The context is important for us, as all the results from a function are attached to that context. Therefore, we need to mock it via jest. We won’t mock the whole context object, but only the attributes that are called in our function. In our case that is the log function.

As the context is necessary for every of our unit tests, it is good practices to declare it centralised and mock it before each unit test execution. We can declare it in a describe-block and reset it in a beforeEach block.

describe("Test for Demo Function", () => {
let context: Context;

beforeEach(() => {
context = ({ log: jest.fn() } as unknown) as Context;
});

// Here our test will be written

});

Now let’s write our first unit test in an it-block.

// beforeEach Block

[...]

it("should return a 200", async () => {
// Arrange
const request = {
query: {},
body: { name: "John" },
};

// Action
await httpTrigger(context, request);

// Assertion
expect(context.log).toBeCalledTimes(1);
expect(context.res.status).toEqual(200);
});

[...]

We first arrange our request object with a name property in the body which we provide together with the context object as parameters to our HTTP trigger function execution. Our function looks into the request’s query and body. Therefore, we need to provide both attributes in this object.

Our test asserts that the log function is called once and the context response has a status of 200.

Currently, we only test the response code and the call of the context log, but to further quality secure our function, we also want to test the actual response of our function.

If a name attribute is provided either in queries or in the body, it will be embedded in the string “Hello, NAME. This HTTP triggered function executed successfully.” That is something we can test. In a second test, we arrange also a result string and assert that our body in the context object will be equal to our result string.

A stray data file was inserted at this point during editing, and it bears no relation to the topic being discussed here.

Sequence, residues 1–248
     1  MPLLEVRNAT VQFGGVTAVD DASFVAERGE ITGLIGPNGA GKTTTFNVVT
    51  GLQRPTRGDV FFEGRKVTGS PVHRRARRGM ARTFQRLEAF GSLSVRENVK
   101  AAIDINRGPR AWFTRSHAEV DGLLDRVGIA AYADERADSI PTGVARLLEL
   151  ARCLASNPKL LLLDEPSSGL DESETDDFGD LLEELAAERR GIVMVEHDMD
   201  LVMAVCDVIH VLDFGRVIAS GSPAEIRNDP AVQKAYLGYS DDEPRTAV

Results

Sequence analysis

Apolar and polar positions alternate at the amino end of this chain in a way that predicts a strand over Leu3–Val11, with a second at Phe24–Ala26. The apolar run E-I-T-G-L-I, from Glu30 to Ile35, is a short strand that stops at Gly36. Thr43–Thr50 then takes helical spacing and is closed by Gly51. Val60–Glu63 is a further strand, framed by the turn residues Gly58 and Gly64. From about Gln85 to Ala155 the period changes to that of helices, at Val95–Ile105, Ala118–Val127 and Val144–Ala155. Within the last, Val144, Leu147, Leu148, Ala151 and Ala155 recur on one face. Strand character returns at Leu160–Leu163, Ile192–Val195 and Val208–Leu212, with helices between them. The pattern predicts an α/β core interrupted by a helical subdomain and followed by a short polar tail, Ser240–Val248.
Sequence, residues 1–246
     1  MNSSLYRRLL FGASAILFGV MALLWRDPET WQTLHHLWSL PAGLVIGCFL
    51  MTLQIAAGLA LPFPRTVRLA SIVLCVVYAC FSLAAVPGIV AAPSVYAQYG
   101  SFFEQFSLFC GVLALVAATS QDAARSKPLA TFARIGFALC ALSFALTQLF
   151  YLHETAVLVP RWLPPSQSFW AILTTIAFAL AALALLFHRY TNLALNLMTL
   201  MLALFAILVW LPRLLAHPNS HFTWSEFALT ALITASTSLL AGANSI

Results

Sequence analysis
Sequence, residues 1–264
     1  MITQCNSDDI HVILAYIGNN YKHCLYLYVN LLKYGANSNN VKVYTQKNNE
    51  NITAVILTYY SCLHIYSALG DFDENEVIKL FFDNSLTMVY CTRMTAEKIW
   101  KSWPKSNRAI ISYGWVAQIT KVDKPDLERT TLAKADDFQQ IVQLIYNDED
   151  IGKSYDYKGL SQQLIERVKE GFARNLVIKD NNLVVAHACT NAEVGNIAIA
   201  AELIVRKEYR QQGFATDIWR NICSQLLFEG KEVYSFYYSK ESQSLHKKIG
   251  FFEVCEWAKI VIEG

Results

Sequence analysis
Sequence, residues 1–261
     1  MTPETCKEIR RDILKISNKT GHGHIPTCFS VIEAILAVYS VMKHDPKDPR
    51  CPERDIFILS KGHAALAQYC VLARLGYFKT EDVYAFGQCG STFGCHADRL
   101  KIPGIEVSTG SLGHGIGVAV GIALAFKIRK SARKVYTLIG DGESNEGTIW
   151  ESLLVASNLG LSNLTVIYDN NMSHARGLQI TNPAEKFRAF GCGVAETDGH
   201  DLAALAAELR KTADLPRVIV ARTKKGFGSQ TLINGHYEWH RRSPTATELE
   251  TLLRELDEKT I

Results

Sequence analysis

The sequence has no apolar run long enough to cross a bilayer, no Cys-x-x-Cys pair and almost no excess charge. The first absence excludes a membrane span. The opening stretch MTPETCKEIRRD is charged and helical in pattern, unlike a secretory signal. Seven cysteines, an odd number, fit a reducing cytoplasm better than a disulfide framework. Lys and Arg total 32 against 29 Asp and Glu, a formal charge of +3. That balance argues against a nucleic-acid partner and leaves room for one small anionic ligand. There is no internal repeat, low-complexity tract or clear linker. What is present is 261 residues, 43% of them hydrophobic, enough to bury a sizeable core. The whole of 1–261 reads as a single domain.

[...]it("should return a result string with the name given in the request body", async () => {
// Arrange
const request = {
query: {},
body: { name: "John" },
};
const resultString =
"Hello, John. This HTTP triggered function executed successfully.";

// Action
await httpTrigger(context, request);

// Assertion
expect(context.log).toBeCalledTimes(1);
expect(context.res.body).toEqual(resultString);
});
[...]

That’s it. That is a quick overview on how to configure Jest for an Azure Function app written in TypeScript and write units tests to test the functions.

I hope you enjoyed it and will try out testing your Azure Functions with Jest. When the article helped you would appreciate a little applause.

Stay safe and keep on coding!

The whole code can be also here: https://github.com/tobim-dev/azure-function-jest-typescript

Written by

I’m a self-taught web developer who loves React, the Jamstack and serverless architectures. Lives and works in Munich. Opinions are my own.

Get the Medium app

A button that says 'Download on the App Store', and if clicked it will lead you to the iOS App store
A button that says 'Get it on, Google Play', and if clicked it will lead you to the Google Play store